Elk County added to drought watch
After a meeting of the Commonwealth Drought Task Force, the state Department of Environmental Protection has moved Potter County to drought warning status and added three counties — Elk, Lycoming, and Tioga — to drought watch.
There are now 18 counties on drought watch: Armstrong, Blair, Butler, Cambria, Cameron, Centre, Clearfield, Clinton, Elk, Fayette, Huntingdon, Indiana, Juniata, Lycoming, McKean, Mifflin, Perry, and Tioga.
Residents on drought watch are asked to reduce their individual water use by between 5% and 10t% based on a statewide average of 62 gallons per person per day. This means a reduction of three to six gallons of water per day.
Potter County residents are asked to reduce their individual water use by between 10% and 15%, or by six to nine gallons a day.
“We’re asking residents in these counties to use water wisely and follow simple water conservation tips to ease the demand for water,” said DEP Secretary Patrick McDonnell.
There are many ways to reduce water use around the house and yard, including:
¯ Run water only when necessary. Don’t let the faucet run while brushing teeth or shaving. Shorten the time water warms up before showering. Use a bucket to catch the water and reuse it to water plants.
¯ Run the dishwasher and washing machine only with full loads.
¯ When watering a garden, be efficient. Water in the evening or morning, and direct the water to the ground at the base of the plant, so water isn’t wasted through evaporation.
¯ Those who water their lawn should do so only when necessary, and avoid watering on windy and hot days. Apply no more than 1 inch of water per week (use an empty can to determine how long it takes to water 1 inch). This pattern will encourage more healthy, deep grass roots. Over-watering is wasteful, encourages fungal growth and disease, and results in shallow, compacted root systems that are more susceptible to drought.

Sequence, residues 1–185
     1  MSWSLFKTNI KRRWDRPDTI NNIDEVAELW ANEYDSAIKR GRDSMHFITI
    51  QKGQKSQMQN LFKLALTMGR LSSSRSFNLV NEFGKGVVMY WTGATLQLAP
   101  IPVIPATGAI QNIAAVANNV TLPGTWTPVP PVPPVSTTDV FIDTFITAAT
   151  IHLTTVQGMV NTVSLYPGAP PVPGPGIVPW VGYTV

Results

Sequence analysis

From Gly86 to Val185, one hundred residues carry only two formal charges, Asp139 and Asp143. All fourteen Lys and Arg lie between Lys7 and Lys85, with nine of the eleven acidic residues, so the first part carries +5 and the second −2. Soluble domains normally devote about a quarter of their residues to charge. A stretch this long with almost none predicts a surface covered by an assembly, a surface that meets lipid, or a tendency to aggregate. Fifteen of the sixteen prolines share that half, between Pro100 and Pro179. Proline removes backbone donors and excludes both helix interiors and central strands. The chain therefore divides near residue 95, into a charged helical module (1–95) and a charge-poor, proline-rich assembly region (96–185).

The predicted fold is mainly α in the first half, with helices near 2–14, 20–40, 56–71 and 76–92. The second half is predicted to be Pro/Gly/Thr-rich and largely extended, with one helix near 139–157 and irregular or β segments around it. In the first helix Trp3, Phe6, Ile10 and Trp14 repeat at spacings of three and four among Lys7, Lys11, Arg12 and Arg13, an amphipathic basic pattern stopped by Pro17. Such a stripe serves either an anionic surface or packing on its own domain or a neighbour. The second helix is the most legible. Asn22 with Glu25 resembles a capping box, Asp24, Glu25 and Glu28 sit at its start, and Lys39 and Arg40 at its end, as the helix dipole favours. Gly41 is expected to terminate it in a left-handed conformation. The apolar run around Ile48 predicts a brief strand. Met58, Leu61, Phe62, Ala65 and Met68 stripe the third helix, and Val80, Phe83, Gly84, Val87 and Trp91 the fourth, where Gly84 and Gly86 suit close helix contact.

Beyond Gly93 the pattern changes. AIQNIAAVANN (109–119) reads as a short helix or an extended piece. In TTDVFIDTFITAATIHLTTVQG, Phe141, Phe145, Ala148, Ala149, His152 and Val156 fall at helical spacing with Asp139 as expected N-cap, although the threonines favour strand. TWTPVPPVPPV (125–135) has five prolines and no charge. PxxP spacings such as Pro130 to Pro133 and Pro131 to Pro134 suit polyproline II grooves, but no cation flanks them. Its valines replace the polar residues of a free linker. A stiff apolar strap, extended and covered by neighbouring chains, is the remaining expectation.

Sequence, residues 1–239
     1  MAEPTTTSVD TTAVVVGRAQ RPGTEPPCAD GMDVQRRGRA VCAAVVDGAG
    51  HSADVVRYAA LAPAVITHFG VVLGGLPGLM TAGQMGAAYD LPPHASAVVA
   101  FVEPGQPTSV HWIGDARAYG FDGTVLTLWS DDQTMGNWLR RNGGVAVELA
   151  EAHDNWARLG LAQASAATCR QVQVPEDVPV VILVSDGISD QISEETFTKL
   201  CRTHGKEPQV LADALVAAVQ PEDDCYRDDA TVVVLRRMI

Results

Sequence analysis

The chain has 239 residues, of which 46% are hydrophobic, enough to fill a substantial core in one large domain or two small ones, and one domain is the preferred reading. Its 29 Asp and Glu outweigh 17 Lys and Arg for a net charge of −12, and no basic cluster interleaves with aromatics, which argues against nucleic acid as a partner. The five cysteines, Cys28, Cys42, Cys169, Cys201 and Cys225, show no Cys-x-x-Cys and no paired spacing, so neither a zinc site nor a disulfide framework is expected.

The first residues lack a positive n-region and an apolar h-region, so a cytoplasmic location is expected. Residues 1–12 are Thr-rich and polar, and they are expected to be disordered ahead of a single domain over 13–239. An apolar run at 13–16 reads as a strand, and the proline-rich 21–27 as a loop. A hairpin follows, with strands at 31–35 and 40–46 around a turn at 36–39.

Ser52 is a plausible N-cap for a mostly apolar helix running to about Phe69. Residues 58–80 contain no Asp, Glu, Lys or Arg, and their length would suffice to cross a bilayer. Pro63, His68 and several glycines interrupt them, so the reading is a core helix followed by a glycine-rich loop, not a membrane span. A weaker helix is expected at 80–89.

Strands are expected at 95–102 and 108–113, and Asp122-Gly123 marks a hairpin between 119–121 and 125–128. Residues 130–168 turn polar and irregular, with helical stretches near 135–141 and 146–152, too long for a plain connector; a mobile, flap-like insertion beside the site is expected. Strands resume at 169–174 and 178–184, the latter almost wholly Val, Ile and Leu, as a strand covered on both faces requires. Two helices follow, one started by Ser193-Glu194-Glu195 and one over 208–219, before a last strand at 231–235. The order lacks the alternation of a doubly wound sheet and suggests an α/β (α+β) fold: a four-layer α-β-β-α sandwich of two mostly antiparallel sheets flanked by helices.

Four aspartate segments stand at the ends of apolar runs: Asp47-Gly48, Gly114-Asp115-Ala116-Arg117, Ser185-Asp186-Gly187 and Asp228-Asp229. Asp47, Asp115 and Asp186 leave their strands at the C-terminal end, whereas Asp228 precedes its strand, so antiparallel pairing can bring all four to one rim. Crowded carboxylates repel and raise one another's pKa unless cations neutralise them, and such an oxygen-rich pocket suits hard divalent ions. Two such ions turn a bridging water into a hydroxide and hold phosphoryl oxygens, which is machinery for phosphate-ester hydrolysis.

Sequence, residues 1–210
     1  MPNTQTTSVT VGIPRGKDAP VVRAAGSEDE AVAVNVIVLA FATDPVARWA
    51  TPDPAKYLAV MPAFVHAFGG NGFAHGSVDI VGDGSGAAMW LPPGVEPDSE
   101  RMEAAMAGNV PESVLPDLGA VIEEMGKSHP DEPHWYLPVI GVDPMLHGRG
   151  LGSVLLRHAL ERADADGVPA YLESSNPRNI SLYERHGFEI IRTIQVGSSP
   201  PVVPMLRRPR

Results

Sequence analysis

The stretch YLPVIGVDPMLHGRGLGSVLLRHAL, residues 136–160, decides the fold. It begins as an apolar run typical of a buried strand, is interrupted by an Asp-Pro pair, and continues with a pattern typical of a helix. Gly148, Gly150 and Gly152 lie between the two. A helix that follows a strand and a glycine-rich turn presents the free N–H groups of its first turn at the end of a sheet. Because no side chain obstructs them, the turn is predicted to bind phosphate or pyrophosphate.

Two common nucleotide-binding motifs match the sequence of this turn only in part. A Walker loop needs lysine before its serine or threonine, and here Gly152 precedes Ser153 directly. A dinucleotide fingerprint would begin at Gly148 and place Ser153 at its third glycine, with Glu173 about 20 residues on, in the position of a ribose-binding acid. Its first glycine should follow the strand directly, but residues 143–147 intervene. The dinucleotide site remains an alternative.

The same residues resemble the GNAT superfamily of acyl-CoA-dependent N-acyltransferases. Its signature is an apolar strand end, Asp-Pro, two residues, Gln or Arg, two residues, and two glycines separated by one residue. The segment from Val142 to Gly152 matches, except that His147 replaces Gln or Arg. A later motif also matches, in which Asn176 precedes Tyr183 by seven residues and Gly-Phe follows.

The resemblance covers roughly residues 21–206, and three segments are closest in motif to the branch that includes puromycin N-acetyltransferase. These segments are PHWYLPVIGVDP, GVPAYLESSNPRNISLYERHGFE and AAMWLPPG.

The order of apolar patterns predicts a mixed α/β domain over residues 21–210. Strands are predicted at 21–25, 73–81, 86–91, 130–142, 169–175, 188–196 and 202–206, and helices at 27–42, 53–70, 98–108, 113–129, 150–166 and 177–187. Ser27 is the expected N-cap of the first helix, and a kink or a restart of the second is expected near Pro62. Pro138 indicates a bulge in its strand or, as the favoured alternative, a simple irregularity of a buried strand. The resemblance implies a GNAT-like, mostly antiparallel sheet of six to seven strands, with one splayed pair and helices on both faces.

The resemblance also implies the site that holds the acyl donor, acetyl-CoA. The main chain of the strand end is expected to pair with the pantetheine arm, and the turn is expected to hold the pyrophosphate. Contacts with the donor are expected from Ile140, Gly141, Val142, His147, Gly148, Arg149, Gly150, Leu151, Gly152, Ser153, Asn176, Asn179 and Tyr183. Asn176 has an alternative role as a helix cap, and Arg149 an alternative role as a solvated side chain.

¯ Re-use old water from bird baths, vases, or pet bowls to water plants.
¯ When mowing a lawn, set the blades to 2-3 inches high. Longer grass shades the soil, improving moisture retention. It also grows thicker and develops a deeper root system, so it can better survive drought.
¯ Check for household leaks. For example, a leaking toilet can waste up to 200 gallons of water daily.
¯ Sweep a sidewalk, deck, or driveway, rather than hosing it off.
¯ Replace older appliances with high-efficiency, front-loading models that use about 30% less water and 40-50% less energy.
¯ Install low-flow plumbing fixtures and aerators on faucets.
DEP is notifying all water suppliers in these counties of the need to monitor their supplies and be prepared by updating their drought contingency plans as necessary. Varying localized conditions may lead water suppliers or municipalities to ask residents for more stringent conservation actions by residents. Sixteen water suppliers in these counties have begun asking or requiring residents to reduce their water use.
DEP makes drought watch, warning, or emergency declaration recommendations based on four numeric indicators. The agency gets stream flow and groundwater level data from a statewide network of gauges maintained by the U.S. Geological Survey.
In addition, DEP monitors precipitation and soil moisture. DEP also factors in information it receives from public water suppliers.
There are normal ranges for all four indicators, and DEP makes its drought declaration recommendations after assessing the departures from these normal ranges for all indicators for periods of 3-12 months. Declarations are not based on one indicator alone.
A drought emergency has not been declared for any county.